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<< Wednesday, April 26, 2017 >>


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Center for Computational Biology Seminar: Dr. Anne Carpenter, Broad Institute of Harvard and MIT

Seminar: Other Related Seminars | April 26 | 4-5 p.m. | 125 Li Ka Shing Center


Center for Computational Biology


Title: Tackling world health problems through high-throughput microscopy imaging and analysis

Abstract:
Images contain rich information about the state of cells, tissues, and organisms. We work with biomedical researchers around the world to extract quantitative information from images, particularly in high-content screening experiments involving physiologically relevant model systems. As the biological systems and phenotypes of interest become more complex, so are the computational approaches needed to properly extract the information of interest; we continue to bridge the gap between biologists’ needs and the latest in computational science (e.g., deep learning). Beyond measuring features that biologists specify, we extract more from images through profiling experiments using the Cell Painting assay, where thousands of morphological features are measured from each cell’s image. We are working to harvest similarities in these “profiles” for grouping genes, identifying the functional impact of cancer-associated alleles, discovering disease-associated phenotypes, and identifying novel therapeutics. Ultimately, we aim to make perturbations in cell morphology as computable as genomics data. All novel algorithms and approaches from our laboratory are released as open-source software, including CellProfiler, CellProfiler Analyst, and cytominer.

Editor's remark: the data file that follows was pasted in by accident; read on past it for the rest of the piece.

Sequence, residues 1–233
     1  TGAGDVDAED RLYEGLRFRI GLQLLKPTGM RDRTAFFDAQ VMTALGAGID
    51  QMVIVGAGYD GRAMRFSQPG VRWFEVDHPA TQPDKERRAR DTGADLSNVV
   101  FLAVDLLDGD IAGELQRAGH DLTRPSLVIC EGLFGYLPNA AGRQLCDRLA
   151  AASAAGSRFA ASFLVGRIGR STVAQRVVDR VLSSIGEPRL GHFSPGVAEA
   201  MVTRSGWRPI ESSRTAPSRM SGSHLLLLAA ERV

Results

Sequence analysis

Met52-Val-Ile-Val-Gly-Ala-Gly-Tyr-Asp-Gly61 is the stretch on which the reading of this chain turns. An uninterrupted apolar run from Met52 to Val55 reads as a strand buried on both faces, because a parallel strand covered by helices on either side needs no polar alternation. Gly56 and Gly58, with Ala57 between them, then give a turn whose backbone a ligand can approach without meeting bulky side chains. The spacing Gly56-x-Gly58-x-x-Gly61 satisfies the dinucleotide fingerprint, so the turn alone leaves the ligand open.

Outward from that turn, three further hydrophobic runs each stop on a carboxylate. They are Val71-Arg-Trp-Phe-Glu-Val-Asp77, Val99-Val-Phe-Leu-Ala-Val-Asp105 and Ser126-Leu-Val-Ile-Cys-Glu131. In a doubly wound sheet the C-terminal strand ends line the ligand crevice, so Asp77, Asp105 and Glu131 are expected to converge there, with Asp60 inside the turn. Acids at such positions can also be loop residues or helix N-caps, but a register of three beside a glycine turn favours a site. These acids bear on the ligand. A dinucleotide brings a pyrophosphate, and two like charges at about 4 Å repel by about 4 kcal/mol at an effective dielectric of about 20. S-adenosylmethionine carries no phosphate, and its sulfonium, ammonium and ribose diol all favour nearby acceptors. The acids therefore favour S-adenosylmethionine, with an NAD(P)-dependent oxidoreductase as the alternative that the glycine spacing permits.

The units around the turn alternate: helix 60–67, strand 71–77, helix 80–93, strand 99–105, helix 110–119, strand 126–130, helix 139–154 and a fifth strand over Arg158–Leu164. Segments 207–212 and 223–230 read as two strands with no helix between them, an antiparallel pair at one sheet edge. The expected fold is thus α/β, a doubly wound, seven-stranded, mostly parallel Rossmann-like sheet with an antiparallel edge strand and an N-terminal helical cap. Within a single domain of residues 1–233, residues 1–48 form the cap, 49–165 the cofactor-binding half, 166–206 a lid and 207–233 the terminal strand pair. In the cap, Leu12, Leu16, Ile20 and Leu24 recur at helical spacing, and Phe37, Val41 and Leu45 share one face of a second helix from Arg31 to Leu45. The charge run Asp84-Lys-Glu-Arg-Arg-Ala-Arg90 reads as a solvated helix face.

Biography:
Dr. Carpenter has been a Principal Investigator at the Broad Institute of Harvard and MIT since 2007. Carpenter focused on high-throughput image analysis during her postdoctoral fellowship at the Whitehead Institute for Biomedical Research and MIT’s CSAIL (Computer Sciences/Artificial Intelligence Laboratory). Her PhD is in cell biology from the University of Illinois, Urbana-Champaign. Carpenter has been named an NSF CAREER awardee, a Massachusetts Academy of Sciences fellow (its youngest at the time), and a Genome Technology “Rising Young Investigator”. The team’s open-source CellProfiler software is used by thousands of biologists worldwide.

Light refreshments will be provided at reception from 3:30-4:00m, 125 LKS foyer.


ccbadmin@berkeley.edu